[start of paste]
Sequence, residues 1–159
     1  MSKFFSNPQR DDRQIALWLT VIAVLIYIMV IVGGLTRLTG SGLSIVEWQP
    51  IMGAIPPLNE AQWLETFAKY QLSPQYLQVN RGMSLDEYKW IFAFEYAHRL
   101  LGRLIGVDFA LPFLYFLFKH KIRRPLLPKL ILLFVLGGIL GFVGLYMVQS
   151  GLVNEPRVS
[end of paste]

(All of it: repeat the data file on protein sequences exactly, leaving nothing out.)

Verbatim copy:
Sequence, residues 1–159
     1  MSKFFSNPQR DDRQIALWLT VIAVLIYIMV IVGGLTRLTG SGLSIVEWQP
    51  IMGAIPPLNE AQWLETFAKY QLSPQYLQVN RGMSLDEYKW IFAFEYAHRL
   101  LGRLIGVDFA LPFLYFLFKH KIRRPLLPKL ILLFVLGGIL GFVGLYMVQS
   151  GLVNEPRVS